@node ChangeLogs Appearance,  ChangeLogs Prologue, ChangeLogs Navigation, ChangeLogs Handling
 @subsection ChangeLogs Appearance
-@vindex patcher-default-change-logs-appearance
-@vindex :change-logs-appearance
 The appearance of ChangeLog entries in the message is controlled by the
 @code{:change-logs-appearance} project option. Its value must be a
 symbol from the following:
 The ChangeLog entries don't appear in the message at all.
 @end table
-@vindex patcher-default-change-logs-diff-command
-@vindex :change-logs-diff-command
 When the ChangeLogs appearance is either @code{pack} or @code{patch},
 the diff command used to generate the patch is controlled by the
 @code{:change-logs-diff-command} project option. The value can be
 contexts from the diff, because otherwise, ChangeLog patches often fail
 to apply correctly.
-@vindex patcher-default-diff-command
-@vindex :diff-command
 The @code{:change-logs-diff-command} project option supports the same
 substitution constructs as the @code{:diff-command} one (@pxref{Diff
 Command}). For example, here is the ChangeLogs diff command used in the
 ChangeLog prologues are small pieces of informative text that Patcher
 adds above each ChangeLog insertion in the mail buffer.
-@vindex patcher-default-change-logs-prologue
-@vindex :change-logs-prologue
 When the ChangeLogs appearance is @code{verbatim}, Patcher inserts one
 prologue per ChangeLog file. The prologue's contents is controlled by
 the @code{:change-logs-prologue} project option (a string). A @samp{%f}
 The default value for @code{patcher-default-change-logs-prologue} is
 @code{"%f addition:"}.
-@vindex patcher-default-diff-prologue-function
-@vindex :diff-prologue-function
 @findex patcher-default-diff-prologue
 When the ChangeLogs appearance is @code{pack}, Patcher inserts only one
 prologue for the whole ChangeLogs patch. When @code{patch}, there is a
 how nice would it be to continue manipulating ChangeLog entries, as
 usual, but just not store them into files?
-@vindex patcher-default-change-logs-status
-@vindex :default-change-logs-status
 Patcher can do that. It has a project option named
 @code{:change-logs-status} which can have two values (symbols). A value
 of @code{persistent} (the default) is in fact what we have assumed so
 far: there are ChangeLog files and they are part of the project. This is
 the traditional approach.
-@vindex patcher-default-change-log-file-name
-@vindex :change-log-file-name
 A value of @code{ephemeral} on the other hand means that your ChangeLog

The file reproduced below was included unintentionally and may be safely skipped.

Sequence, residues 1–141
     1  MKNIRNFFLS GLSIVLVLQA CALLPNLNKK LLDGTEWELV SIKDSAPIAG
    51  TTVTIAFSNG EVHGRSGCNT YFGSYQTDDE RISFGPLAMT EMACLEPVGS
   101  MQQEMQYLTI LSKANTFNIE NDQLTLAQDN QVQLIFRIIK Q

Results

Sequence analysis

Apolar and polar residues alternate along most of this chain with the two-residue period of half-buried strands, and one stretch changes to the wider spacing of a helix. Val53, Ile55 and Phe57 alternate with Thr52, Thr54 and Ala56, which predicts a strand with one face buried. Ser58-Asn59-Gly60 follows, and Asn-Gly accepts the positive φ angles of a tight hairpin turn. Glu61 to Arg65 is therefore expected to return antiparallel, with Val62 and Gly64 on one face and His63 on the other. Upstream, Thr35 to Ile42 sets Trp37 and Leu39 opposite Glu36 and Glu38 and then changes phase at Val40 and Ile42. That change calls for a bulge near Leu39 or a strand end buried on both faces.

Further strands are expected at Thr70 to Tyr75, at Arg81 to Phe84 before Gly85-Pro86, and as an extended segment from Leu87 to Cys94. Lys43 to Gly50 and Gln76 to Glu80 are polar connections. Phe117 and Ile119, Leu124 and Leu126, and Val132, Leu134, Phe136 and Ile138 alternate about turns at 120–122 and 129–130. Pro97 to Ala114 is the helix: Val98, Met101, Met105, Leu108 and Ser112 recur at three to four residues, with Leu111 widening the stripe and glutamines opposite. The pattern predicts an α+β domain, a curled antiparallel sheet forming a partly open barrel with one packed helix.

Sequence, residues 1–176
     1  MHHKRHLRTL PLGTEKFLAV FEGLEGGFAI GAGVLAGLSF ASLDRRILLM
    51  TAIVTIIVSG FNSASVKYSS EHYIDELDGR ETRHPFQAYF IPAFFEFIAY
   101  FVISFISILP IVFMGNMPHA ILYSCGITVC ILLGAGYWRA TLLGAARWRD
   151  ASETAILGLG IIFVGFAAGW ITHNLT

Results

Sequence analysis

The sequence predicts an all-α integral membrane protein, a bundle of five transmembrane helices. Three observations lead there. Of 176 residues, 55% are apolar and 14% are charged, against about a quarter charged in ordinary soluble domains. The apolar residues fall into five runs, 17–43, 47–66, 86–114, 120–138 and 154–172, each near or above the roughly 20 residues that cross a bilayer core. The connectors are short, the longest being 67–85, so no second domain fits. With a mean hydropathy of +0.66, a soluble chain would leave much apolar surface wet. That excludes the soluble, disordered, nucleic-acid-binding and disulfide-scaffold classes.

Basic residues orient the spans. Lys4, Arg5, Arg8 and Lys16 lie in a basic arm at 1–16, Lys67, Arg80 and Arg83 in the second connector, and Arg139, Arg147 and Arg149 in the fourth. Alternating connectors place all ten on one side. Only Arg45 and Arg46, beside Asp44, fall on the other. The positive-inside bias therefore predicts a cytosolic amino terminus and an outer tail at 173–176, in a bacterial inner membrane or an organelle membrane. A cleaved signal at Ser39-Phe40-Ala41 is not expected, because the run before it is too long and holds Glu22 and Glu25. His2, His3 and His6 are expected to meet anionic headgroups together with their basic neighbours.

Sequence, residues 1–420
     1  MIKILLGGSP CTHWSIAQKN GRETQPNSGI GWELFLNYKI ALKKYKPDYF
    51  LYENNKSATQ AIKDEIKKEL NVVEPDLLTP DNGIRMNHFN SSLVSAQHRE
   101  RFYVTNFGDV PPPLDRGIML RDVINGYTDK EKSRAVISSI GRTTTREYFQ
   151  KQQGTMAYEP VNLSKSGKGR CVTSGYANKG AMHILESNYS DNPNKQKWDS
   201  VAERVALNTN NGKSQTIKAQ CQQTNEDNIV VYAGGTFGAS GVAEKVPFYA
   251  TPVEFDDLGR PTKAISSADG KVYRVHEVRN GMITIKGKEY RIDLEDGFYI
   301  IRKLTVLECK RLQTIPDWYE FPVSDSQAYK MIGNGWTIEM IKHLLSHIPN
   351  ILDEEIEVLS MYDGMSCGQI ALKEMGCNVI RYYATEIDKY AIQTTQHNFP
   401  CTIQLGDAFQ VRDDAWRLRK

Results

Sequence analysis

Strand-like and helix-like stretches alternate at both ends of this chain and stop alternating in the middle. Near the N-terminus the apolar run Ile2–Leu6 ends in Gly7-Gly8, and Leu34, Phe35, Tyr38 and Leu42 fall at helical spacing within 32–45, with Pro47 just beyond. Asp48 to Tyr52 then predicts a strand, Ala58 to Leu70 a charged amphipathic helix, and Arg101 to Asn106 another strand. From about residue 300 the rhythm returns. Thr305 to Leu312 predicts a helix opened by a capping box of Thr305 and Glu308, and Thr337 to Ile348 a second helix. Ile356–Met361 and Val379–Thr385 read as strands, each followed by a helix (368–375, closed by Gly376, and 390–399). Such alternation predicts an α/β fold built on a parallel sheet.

entries exist only temporarily, to be used in the commit log message
 and/or inserted verbatim in the mail. Patcher does this by creating a
 files (old ChangeLog files may for example be renamed to
 Because there's only one, virtual, ephemeral ChangeLog file located at
 the project's base directory, the default value for the ChangeLogs
 prologue doesn't work very well in the ephemeral case. It doesn't make
 both set the ChangeLog status to @samp{ephemeral} and modify the
 prologue at the same time.
 One final note: if you use the @code{git-index} built-in theme with
 ephemeral ChangeLogs, don't use it in conjunction with
 @code{git-index-automatic-change-logs}, even if the ChangeLogs entries
 @subsection Commit Command
 @findex patcher-mail-commit
-@vindex patcher-default-commit-command
-@vindex :commit-command
 The command used to to commit a patch is specified by the
 @code{:commit-command} project option (a string). You can also
 temporarily change the command in question by calling
 your archival software does not support log messages. I'm not actually
 sure such a beast exists.
 As an example, here is the commit command for the Git built-in theme
 (@pxref{Themes}): @samp{git commit %!f@{-a @}-F %s%?f@{ -- @}%f}
 message}: a short yet informative message that accompany the commit
 operation, which is also stored in the repository.
-@vindex patcher-default-edit-log-message
-@vindex :edit-log-message
 Before a commit operation, Patcher always builds an initial log message,
 based on certain elements under your control. What happens next is
 controlled the @code{:edit-log-message} project option: if @code{t} (the
 @node Log Message Elements, Log Message Editing, Log Message Handling, Log Message Handling
 @subsubsection Log Message Elements
-@vindex patcher-default-log-message-items
-@vindex :log-message-items
 Patcher has the ability to initialize the log message with different
 elements. These elements are specified with the
 @code{:log-message-items} project option. Its value is either
 The raw ChangeLog entries.
 @end table
-@vindex patcher-default-change-logs-separator
-@vindex :change-logs-separator
 By default, only the message's subject is used. When using more than one
 item, they appear in the order specified above. If anything appears
 before the raw ChangeLog entries, a separator string is used. This
 buffer if you have not required log message editing, or after typing
 @kbd{C-c C-p c} or @kbd{C-c C-c} from the log message buffer otherwise.
-@vindex patcher-default-edit-commit-command
-@vindex :edit-commit-command
 At that point, Patcher has constructed a proper commit command. What